Technologies Disrupting Real Estate Industries

Technologies Disrupting Real Estate Industries

Technologies Disrupting Real Estate Industries

While technology has disrupted many industries, real estate has been slow to adopt new
technology. However, new technologies are changing the way consumers are buying, renting, and selling properties. Real estate software services help out the professionals to
control, manage, and track the property. Real estate professionals are left with no choice but to equip themselves with the latest skills and knowledge to take advantage of disruptive technologies.

Here are 5 major technologies that are reinventing real estate.

Technologies Disrupting Real Estate Industries

1. Blockchain technology

The blockchain sector is expected to grow from USD3.0 billion in 2020 to USD39.7 billion by 2025 worldwide.

Blockchain technology uses distributed ledger for real estate transactions. The ledger is like a shared database that is synchronized across a network that spreads over many sites. All real estate transactions will have public witnesses as participants having an identical copy and any change made will reflect on all the copies.

Blockchain eliminates the need for third-party intermediaries and ensures transactions are
transparent. Additionally, cyber-attacks and real estate investment scams are less likely with blockchain systems.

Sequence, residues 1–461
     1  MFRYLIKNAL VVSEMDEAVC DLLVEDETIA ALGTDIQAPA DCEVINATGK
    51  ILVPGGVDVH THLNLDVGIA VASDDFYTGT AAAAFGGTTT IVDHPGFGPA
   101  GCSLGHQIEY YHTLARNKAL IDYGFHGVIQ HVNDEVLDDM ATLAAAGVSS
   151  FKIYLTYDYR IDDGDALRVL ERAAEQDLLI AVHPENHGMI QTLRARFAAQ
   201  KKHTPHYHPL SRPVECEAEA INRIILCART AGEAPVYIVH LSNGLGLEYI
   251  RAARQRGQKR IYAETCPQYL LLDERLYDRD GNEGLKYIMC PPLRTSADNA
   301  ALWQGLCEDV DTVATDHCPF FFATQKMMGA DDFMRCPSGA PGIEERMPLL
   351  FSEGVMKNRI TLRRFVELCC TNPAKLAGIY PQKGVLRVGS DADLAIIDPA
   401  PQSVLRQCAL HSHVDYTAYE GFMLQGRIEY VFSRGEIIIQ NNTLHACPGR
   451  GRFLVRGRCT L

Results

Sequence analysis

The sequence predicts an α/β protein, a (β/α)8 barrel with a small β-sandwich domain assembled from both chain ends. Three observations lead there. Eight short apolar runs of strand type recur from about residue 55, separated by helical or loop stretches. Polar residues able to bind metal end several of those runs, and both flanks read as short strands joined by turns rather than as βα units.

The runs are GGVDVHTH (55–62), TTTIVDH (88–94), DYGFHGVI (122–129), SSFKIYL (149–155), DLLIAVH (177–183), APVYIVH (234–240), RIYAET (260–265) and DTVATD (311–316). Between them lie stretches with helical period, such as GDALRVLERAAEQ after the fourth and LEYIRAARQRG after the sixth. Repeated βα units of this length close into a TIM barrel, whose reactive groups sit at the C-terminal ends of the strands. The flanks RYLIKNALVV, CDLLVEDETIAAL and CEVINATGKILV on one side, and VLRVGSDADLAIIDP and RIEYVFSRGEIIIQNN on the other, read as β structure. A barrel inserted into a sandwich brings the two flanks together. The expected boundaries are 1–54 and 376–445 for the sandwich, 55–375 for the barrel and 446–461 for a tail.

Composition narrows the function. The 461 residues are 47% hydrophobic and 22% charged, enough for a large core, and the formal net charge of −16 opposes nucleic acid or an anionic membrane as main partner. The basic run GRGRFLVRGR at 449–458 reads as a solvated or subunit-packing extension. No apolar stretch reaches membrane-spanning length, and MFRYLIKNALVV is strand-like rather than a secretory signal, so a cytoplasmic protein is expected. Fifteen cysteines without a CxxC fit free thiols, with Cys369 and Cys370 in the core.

2. Artificial and machine intelligence

Artificial Intelligence has the ability to interpret data that it has been provided with. Additionally, it can provide insights about real estate property, markets and even project return on investment (ROI) from the rental property.

Currently, when someone is looking for a property, they input basic parameters such as location, number of bedrooms, and price. Soon, AI will allow sites to guide potential buyers towards properties that match their requirements and tastes.

A chatbot is a great example of AI and could even help a potential buyer to several property showings. Currently, a few companies are investing in technology that would facilitate an agent conducting showings on chatbots or tablets. This also opens up the opportunity to conduct many showings simultaneously.
Simply put, AI is set to make the buying property experience seamless right from start-to-finish.

Instead of simply storing real estate data on listings and agent info, AI can modify the way
agents do business and customers make investment decisions. Also, software such as Digidesign and ZipForms are making signing with an actual pen a thing of the past.

3. Internet of Things (IoT)

IoT includes devices and appliances connected to the cloud that keeps sending and receiving information. Globally, the IoT sector is expected to exceed $1.5 trillion by the year 2025. This has resulted in a significant increase in the number of active IoT devices across the globe.

IoT for real-estate includes predictive maintenance and will soon roll out more comprehensive resources that a homeowner or landlord utilizes. For example, informing the tenants of the maintenance history of an appliance.
Smart devices can be connected to utilities such as plumbing and electrical. This will help save costs on house inspections and conserve energy and bring about a more environment-friendly result.